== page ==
Naturality, Frightful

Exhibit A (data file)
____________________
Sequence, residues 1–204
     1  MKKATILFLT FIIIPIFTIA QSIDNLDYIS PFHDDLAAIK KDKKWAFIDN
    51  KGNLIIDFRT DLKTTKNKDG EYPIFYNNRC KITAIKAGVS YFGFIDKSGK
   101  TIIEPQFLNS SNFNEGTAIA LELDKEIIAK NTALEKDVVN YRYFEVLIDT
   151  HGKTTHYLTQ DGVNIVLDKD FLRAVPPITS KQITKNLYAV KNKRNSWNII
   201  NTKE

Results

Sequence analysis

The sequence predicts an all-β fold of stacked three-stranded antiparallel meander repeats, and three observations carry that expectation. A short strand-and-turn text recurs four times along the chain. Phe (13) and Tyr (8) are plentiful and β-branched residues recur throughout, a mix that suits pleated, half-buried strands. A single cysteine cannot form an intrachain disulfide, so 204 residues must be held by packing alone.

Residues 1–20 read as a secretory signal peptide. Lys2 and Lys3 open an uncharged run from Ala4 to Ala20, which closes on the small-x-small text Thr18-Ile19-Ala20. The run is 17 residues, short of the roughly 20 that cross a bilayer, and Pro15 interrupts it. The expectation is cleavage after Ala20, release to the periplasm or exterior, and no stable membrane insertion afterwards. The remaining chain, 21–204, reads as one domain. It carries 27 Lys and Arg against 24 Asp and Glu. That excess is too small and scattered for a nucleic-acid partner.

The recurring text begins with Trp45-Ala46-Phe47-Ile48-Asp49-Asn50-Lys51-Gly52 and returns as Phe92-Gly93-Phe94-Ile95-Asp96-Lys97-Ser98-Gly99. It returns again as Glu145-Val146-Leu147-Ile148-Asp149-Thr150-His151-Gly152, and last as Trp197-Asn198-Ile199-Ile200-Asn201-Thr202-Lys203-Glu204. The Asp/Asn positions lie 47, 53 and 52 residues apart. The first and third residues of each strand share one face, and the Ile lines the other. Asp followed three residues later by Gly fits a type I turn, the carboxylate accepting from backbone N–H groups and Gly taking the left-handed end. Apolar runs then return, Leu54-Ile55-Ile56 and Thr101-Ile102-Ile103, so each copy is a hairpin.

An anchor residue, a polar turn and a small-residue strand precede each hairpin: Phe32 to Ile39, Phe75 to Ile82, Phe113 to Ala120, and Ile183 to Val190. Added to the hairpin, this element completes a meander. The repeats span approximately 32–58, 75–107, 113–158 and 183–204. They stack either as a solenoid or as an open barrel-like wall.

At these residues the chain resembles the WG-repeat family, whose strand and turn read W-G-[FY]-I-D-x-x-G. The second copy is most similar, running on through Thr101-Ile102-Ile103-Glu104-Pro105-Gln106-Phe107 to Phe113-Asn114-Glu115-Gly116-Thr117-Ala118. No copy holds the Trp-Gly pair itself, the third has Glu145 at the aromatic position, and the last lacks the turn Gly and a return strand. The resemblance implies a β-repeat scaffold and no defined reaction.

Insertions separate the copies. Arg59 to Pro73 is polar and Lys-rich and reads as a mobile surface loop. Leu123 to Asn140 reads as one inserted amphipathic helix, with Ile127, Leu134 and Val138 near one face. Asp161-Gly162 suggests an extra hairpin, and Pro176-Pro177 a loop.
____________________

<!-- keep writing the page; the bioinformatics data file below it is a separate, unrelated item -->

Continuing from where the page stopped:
As a leading representative of philosophical anthropology Arnold Gehlen fears the “frightful naturality” of mankind, which comes to light wherever this latter is not bound into institutions. Gehlen wants to protect us from ourselves, from “the setting-free of a frightful naturality, because the weakness of human nature which is not protected from itself by strict forms is of a murderous kind.” (Urmensch und Spätkultur) Gehlen is referring here particularly to the falling away, in the case of humans, of that inhibition about killing which is found in many animals, for which reason he recommended the institutional subjugation of Man. Gehlen, however, was blind to that salutary unnaturalness of human beings which consists in the fact that Man is, as an essentially cultural being, not given over to that Diktat of procreation to which other animals are subject. It is not an absolute necessity that human beings give human beings over to the tender mercies of other human beings.

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